The next thing to do is to try and make this wire contraption resemble a tree.
Squirt some Selly’s No More Gaps out onto a palette (my version of a paint palette is a plastic throw away plate or cup) and add a little bit of water to it. You don’t want it too runny (unless you wish to use one thousand and forty seven coats to get the job done) – about the texture of slightly melted peanut butter is great.
Using a paintbrush, apply the watered down Selly’s to the entire armature.
I cover it from top to bottom, including the separated branch tips, as I find that the paint adheres to the Selly’s better than just the wire itself. If you want to fatten the tree up (especially if doing bottle trees etc) you can add another coat after about an hour, otherwise let the armature dry for a day before painting.
The best paints I’ve found for this job are the tubes of Kaiser or Chromacryl paints that you can buy for around $2 or $3 per tube from a cheapie store like Crazy Clarks. But any acrylic paints will do the job. The colours to stock up on are black, white, and various greys, browns, tans, offwhites and greens.
When painting, I squirt a little of each colour out (I use about 3 or 4 colours per tree, and choose the colours by the end result I wish to have – eg for gums I’d use light tan, white, grey and black or dark brown). I like to still see a distinction in the colours on the trunk, so when I “mix” the colours, I only do a couple of swirls with the brush between all colours (this I find especially effective on. However, you can mix them to your own liking.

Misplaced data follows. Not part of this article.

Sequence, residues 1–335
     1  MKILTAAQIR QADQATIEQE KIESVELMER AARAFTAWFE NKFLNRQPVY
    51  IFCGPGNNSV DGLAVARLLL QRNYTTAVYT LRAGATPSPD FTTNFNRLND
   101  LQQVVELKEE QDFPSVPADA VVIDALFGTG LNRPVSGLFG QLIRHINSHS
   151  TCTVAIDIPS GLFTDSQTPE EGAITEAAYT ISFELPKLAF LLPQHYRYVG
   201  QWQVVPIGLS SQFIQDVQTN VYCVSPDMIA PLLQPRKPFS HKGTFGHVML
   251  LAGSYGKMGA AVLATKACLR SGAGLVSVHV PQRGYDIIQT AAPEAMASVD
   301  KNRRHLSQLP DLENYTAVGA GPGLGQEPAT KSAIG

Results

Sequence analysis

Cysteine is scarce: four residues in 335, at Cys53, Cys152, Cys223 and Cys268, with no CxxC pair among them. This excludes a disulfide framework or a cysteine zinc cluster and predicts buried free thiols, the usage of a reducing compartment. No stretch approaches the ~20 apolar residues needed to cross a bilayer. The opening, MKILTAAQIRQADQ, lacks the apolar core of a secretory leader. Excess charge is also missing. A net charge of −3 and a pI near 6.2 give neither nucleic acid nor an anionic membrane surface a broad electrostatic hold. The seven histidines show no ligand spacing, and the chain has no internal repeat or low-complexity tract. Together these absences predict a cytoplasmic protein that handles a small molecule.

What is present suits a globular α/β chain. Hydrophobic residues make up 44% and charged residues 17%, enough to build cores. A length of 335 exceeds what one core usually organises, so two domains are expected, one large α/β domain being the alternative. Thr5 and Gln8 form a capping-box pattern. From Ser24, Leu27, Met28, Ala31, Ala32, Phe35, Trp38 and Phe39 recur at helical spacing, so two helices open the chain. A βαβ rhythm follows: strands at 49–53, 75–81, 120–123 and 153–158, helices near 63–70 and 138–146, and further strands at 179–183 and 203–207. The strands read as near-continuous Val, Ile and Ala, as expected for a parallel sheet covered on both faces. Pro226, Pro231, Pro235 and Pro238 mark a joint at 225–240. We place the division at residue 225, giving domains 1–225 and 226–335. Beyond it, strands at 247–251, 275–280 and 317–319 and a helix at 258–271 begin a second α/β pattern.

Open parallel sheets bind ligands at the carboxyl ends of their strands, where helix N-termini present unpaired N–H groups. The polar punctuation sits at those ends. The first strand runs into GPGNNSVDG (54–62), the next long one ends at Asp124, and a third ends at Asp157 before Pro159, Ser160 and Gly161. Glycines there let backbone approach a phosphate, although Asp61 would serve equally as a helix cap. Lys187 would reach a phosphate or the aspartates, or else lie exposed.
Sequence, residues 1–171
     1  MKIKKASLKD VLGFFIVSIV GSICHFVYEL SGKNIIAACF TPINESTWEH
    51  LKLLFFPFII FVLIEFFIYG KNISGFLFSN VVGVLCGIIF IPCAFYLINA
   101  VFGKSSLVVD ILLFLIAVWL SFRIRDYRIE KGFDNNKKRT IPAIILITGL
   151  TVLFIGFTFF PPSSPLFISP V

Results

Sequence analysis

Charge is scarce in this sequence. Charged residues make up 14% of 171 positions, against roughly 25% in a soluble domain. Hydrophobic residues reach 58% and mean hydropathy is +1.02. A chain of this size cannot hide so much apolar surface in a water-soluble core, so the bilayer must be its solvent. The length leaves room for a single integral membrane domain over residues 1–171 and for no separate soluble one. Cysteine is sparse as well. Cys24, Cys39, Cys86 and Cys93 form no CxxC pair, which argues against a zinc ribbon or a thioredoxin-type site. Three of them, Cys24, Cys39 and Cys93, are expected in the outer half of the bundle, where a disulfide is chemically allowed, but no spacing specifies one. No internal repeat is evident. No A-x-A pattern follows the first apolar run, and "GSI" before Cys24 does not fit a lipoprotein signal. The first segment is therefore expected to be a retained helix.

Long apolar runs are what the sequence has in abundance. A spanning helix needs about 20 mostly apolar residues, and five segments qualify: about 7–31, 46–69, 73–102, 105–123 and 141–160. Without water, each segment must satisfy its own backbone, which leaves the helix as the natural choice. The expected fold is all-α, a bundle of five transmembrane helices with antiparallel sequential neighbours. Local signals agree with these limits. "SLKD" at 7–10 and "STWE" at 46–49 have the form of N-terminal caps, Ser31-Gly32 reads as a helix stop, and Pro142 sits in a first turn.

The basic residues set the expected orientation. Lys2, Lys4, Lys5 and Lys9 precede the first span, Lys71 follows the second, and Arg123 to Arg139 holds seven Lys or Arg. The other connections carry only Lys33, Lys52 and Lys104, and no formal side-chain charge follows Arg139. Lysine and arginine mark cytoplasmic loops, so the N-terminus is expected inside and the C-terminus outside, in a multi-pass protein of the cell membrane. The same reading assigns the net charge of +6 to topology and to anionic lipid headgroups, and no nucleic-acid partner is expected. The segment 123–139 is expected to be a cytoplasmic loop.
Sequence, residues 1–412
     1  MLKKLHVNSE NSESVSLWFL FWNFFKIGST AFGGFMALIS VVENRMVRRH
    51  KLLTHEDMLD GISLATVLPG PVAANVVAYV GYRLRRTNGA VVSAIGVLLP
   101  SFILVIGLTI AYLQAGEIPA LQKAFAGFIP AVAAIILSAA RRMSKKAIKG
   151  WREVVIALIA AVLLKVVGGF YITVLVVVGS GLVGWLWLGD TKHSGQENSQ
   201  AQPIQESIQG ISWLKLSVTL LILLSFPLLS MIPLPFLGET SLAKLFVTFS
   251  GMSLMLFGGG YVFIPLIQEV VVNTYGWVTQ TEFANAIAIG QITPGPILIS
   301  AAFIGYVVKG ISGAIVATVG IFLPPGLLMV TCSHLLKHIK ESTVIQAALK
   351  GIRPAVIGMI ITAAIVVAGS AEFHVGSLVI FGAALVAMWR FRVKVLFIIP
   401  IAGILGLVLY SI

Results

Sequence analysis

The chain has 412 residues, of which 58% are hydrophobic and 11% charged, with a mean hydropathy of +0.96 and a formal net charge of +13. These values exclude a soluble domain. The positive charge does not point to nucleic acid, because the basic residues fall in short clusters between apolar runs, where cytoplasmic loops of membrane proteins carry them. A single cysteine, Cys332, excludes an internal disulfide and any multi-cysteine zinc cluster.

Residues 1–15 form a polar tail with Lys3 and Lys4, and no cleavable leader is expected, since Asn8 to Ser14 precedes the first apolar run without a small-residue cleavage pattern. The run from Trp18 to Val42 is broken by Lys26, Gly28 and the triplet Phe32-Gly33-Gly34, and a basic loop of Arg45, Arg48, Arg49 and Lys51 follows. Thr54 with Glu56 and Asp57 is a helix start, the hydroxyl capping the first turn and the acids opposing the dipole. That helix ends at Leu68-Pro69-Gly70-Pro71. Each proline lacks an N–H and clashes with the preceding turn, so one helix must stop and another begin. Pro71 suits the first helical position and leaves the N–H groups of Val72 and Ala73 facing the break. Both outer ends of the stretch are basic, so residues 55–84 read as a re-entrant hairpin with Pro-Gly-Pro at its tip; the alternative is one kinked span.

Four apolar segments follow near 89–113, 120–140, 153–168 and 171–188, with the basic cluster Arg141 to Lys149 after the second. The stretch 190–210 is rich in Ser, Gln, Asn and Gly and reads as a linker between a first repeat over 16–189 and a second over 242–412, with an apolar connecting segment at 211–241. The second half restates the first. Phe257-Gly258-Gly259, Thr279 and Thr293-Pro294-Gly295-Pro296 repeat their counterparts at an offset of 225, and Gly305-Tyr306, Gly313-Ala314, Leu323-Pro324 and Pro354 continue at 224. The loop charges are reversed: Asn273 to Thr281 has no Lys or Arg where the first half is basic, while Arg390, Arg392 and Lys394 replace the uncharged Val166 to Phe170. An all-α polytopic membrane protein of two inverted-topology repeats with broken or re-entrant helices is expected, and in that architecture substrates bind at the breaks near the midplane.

When applying paint to the tree, I ensure I don’t lose the distinction in the colours by doing as few strokes of the brush as possible to cover the white No More Gaps.
This is an especially useful technique for gum trees. If you wish to obtain a more uniform colour with less variation, you can mix the paint more, but be weary of mixing it up too much as it will look too bland.
There are also other colours available that are suitable for Queensland:
# 1551 Middle Green
# 1552 Dark Green
# 1553 Pine Green
# 1554 Spring Green
The Heki Flor foliage is the most realistic that I have found, as they are two-tone, meaning the hairs that hold the Flor together are darker than the main colour. This creates a beautiful realistic effect on the completed tree.
To create your foliage, dab the branches with PVA glue before applying the Flor.
I apply the foliage in small patches for the gum trees, however when doing other types of trees you can also use one big patch of the Flor to cover the entire canopy in one go.
Once the foliage is dry, you can sprinkle a bit of fine burnt grass material over the existing foliage, and set it in place with a bit of cheap hairspray. Best to do this outside, otherwise the fumes are quite nauseating.
When doing weeping willows, coat the long single strands of wire with PVA, then use the left over bits that have fallen off the Flor to create the effect of long branches with leaves.
I guess I’d better release the old boy now.
Then again, the house is a lot quieter this way…..